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Comput Math Methods Med. 2011;2011:185845. doi: 10.1155/2011/185845. Epub 2011 Mar 28.

Inbuilt mechanisms for overcoming functional problems inherent in hepatic microlobular structure.

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Centre for Diabetes, Bart's and The London School of Medicine and Dentistry, Blizard Institute for Cell and Molecular Sciences, Queen Mary University of London, Newark Street, London E1 2AT, UK.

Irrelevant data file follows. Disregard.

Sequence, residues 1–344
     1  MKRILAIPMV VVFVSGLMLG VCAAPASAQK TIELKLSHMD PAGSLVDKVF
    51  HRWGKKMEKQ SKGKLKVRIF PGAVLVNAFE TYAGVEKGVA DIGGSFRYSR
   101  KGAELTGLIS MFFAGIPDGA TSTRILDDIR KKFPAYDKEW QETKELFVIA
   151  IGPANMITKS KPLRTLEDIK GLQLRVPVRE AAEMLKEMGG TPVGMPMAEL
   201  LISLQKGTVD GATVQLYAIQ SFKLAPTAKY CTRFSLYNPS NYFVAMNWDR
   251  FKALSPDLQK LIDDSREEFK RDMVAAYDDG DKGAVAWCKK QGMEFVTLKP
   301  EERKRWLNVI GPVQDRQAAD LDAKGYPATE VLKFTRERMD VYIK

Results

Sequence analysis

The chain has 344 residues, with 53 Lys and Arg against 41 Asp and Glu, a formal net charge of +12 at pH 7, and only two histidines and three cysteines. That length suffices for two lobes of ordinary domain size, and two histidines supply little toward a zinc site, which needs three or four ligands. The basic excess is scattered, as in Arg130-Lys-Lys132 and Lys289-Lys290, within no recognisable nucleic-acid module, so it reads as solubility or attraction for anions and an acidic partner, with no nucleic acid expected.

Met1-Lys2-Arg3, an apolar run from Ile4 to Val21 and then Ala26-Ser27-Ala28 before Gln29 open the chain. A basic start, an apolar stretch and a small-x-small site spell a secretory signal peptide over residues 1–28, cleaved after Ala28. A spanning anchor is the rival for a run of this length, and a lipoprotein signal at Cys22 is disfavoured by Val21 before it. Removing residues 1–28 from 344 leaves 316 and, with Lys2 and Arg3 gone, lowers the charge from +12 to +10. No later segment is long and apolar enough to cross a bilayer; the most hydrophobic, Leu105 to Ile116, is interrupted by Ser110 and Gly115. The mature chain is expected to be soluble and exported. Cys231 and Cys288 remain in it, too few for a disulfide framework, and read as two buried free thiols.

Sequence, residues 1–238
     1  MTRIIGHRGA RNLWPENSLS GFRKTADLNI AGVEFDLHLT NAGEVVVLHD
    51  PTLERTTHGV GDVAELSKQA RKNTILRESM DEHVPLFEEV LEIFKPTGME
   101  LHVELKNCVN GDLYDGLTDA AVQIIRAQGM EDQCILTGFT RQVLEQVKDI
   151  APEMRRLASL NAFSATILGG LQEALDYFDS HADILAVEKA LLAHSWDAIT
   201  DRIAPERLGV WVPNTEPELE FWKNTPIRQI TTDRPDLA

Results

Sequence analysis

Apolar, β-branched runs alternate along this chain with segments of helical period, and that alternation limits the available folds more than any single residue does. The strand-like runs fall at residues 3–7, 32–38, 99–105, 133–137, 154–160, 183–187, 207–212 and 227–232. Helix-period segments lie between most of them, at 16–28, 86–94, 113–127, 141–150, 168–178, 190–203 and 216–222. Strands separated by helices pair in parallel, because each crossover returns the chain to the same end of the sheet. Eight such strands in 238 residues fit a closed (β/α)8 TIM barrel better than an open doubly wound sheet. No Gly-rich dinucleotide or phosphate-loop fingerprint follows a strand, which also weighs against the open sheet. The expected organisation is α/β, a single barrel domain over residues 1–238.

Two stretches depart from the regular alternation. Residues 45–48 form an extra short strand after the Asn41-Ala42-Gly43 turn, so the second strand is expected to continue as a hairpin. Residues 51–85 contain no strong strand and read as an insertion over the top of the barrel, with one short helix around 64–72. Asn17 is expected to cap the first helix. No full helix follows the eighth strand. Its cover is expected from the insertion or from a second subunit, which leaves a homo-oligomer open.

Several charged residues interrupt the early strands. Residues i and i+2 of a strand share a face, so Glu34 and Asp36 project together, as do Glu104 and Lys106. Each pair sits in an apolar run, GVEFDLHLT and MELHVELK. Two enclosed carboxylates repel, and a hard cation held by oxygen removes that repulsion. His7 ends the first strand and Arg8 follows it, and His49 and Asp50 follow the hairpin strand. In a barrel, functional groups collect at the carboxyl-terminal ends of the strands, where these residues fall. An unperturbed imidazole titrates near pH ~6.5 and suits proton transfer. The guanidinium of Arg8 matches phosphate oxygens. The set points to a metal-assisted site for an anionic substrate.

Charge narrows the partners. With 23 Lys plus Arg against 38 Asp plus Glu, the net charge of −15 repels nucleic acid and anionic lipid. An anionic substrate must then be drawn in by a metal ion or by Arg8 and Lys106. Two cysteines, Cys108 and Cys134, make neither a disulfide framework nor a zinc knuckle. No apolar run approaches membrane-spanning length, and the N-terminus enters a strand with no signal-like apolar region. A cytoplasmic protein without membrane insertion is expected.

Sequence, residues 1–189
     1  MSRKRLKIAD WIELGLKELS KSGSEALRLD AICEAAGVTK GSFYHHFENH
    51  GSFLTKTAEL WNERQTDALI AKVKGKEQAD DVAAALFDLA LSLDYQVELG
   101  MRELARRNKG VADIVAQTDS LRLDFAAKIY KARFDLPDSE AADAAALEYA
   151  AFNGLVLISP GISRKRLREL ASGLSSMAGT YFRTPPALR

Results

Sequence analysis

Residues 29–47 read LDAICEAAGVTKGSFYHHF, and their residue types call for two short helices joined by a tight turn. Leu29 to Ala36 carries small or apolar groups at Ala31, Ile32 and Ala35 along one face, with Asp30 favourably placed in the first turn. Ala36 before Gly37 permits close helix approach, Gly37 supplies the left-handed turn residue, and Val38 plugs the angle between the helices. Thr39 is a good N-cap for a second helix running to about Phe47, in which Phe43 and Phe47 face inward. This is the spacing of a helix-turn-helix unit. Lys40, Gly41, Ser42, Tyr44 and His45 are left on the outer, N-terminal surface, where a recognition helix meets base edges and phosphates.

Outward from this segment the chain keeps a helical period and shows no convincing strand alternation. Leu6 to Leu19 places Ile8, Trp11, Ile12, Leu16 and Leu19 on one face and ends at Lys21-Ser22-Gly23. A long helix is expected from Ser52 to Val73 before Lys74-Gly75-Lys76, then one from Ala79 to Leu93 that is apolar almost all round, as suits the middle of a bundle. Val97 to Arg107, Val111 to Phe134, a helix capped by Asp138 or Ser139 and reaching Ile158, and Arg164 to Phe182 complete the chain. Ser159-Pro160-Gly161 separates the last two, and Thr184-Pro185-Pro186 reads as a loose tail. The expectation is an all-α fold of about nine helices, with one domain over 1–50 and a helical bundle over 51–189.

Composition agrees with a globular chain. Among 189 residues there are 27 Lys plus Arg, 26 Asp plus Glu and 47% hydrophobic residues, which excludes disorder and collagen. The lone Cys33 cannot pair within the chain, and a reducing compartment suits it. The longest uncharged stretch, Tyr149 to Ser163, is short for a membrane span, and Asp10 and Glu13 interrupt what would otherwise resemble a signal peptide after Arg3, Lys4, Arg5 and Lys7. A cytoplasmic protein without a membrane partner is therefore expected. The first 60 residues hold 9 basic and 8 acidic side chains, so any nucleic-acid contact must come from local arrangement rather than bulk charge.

The spherical anatomy of human and rat liver lobules implies that more central cells have less time to carry out their function than more peripherally located cells because blood flows past them more rapidly. This problem could be overcome if more centrilobular cells could operate at higher temperatures than periportal cells. This study presents evidence for such a temperature gradient. Firstly, we use mathematical modelling to demonstrate that temperature increases towards the centre of the lobule. Secondly, we examine the distribution of a heat-generating protein and of a heat-sensitive protein across the rat and human liver lobules. Double-antibody staining of healthy liver from rat and human was used for visual scoring and for automated histomorphometric quantitation of the localisation of uncoupling protein-2 (known to generate heat) and of the transient receptor potential-v4 protein (known as a highly temperature-sensitive membrane protein). Both these proteins were found to be located predominantly in the centrilobular region of liver lobules. These findings support the suggestion that temperature gradients across the liver lobule may have evolved as a solution to the problem of reduced contact time between blood and cells at the centre as compared to the periphery of mammalian liver lobules.

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